But the British had other ideas. They didn’t care about the bones of the saint once it was established they did not belong to George of Cappadocia. But they did want the exotic Shellal Mosaic, which they earmarked for display in the British Museum alongside many of their own looted antiquities — most notably the Elgin Marbles, which the British stole from the Acropolis and shipped home between 1801 to 1812.

And they used all their imperial authority to stand over the Australian Army in an attempt to take it.

At one point the Australian military authorities even told the British that they were willing to engage in a “war” if that’s what it took to keep the mosaic for Australia.

MUCH OF PALESTINE became Israel in 1947. Over the years various Palestinian representatives, in Australia and in the West Bank, have discreetly expressed interest in having the mosaic returned. But not surprisingly it pales in priority to achieving statehood.

Other Arab nations have also periodically informally prodded Australia about the propriety of keeping the mosaic, although I understand that no formal request has been made to have it returned. Some Arab diplomats have, however, suggested that at some point Australia should make a “diplomatic gesture”, perhaps by constructing a replica of the mosaic in, say, Ramallah, in acknowledgement of Australia’s ongoing possession of the Palestinian antiquity.

A spokesman for the Australian War Memorial said: “The available records held by the Memorial contain no documentation of an official request from the Palestinian Authority or any other Arab Government to return the mosaic.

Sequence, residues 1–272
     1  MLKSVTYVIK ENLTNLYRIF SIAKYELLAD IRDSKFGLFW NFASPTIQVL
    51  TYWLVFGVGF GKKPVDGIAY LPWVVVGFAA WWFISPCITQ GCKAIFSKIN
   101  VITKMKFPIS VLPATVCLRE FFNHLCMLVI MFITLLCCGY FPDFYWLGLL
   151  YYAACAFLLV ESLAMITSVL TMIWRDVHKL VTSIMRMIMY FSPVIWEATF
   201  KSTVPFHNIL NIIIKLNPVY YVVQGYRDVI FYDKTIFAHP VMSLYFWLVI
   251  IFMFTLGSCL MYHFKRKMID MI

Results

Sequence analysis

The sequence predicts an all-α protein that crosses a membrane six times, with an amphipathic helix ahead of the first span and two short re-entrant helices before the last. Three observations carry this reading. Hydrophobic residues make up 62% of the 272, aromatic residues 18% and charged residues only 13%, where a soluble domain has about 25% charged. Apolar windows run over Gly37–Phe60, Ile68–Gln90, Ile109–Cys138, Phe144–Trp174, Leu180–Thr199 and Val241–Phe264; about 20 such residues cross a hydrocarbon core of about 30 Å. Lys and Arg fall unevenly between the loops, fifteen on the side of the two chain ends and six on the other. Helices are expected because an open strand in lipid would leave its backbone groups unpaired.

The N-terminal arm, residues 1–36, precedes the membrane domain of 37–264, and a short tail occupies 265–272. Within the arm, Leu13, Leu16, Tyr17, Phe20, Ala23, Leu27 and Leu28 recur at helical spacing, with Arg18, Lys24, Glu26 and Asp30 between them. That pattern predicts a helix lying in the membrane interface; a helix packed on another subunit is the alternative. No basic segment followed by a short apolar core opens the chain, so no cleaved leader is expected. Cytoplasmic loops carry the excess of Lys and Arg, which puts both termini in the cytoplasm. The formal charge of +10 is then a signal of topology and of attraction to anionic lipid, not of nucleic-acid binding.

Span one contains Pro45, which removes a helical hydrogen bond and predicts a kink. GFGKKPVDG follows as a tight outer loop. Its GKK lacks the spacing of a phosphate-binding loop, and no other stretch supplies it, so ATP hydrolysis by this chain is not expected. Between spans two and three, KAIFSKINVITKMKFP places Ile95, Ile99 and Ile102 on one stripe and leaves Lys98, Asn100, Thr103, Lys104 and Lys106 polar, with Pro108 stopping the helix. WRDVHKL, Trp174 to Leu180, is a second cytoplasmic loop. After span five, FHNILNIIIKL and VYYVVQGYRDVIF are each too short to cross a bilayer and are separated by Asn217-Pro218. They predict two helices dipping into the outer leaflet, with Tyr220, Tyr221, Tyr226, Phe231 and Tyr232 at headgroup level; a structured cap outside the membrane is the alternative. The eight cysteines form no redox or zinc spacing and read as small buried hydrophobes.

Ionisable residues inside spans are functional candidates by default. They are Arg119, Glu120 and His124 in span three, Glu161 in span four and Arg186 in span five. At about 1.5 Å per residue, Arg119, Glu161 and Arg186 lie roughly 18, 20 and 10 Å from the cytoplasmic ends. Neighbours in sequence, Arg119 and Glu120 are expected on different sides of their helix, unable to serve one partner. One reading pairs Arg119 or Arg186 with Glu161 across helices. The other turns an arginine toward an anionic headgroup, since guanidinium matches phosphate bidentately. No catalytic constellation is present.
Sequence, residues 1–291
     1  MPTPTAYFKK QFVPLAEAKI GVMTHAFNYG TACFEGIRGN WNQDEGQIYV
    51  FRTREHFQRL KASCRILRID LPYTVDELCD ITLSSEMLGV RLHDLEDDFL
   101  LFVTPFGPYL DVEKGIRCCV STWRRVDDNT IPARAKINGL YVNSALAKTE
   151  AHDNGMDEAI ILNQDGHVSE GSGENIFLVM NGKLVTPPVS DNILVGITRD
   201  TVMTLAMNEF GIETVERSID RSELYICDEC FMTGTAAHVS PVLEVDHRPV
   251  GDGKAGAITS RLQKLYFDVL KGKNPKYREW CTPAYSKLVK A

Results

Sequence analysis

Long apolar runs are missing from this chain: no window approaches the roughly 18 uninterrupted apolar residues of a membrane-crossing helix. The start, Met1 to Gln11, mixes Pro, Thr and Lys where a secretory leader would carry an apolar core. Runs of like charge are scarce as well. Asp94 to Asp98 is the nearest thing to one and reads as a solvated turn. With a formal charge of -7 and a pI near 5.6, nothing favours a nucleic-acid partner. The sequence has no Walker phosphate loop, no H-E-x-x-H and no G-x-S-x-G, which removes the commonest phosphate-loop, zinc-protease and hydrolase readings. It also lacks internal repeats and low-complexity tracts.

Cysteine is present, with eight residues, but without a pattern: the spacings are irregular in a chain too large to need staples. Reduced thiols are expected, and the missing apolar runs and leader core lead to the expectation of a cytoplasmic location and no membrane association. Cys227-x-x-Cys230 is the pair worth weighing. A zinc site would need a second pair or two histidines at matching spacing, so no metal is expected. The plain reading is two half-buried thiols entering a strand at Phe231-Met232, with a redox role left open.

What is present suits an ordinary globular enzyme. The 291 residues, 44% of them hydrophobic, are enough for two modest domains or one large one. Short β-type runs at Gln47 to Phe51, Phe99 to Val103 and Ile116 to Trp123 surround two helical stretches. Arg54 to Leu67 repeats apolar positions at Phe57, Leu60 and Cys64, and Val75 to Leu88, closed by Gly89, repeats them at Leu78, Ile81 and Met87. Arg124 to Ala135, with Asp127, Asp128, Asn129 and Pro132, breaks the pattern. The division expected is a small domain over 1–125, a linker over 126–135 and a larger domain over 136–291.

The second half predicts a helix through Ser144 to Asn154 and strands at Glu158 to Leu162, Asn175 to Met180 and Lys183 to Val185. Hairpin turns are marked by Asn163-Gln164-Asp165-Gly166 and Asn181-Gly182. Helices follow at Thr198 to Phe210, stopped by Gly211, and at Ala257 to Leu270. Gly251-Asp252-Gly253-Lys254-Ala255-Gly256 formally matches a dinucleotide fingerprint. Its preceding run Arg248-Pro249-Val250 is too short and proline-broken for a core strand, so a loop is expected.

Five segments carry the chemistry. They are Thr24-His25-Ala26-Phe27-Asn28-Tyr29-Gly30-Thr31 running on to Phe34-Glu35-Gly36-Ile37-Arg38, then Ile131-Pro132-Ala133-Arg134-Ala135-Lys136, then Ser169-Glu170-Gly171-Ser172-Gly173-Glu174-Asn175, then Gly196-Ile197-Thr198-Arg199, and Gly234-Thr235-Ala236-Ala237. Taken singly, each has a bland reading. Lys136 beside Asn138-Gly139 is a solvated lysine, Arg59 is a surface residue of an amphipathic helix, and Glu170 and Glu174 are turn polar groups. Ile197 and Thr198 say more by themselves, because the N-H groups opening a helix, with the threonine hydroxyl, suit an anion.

“The Australian War Memorial understands and appreciates the cultural and historical significance of the Shellal Mosaic. The Mosaic has been formally recognised as a major heritage element of the Memorial’s heritage listed building and has remained ‘in situ’ since the Memorial opened in 1941.”

The spokesman said the “mosaic passed to the Australian Government in accordance with British War Office regulations of the time”.

“The Australian War Memorial well understands the cultural significance of the Shellal Mosaic and the implications of more recent conventions for the protection of cultural property.”

Several war memorial officials and former officials have, meanwhile, confided that some who have served on the memorial’s board over the years have been distinctly uncomfortable with Australia’s questionable appropriation of the mosaic.

“There is a strong sense today that it would have been a good thing if the mosaic was never taken,” one former official said this year. “Some at the memorial consider it to be an embarrassment.”

WHILE THE AUSTRALIANS and the New Zealanders were at the vanguard of the successful push against the Turks (Beersheba fell with the “charge” on October 31, 1917, Jerusalem by Christmas and, a year later, Damascus in Syria) behind the scenes our military leaders were in heated dispute with the British about the mosaic, which was being stored in crates in Cairo. In December 1917 the British had demanded that the mosaic be sent temporarily to Britain while its final destination was determined.

The Australians knew if it went to London they would never get it back. And so they bought time through obfuscation.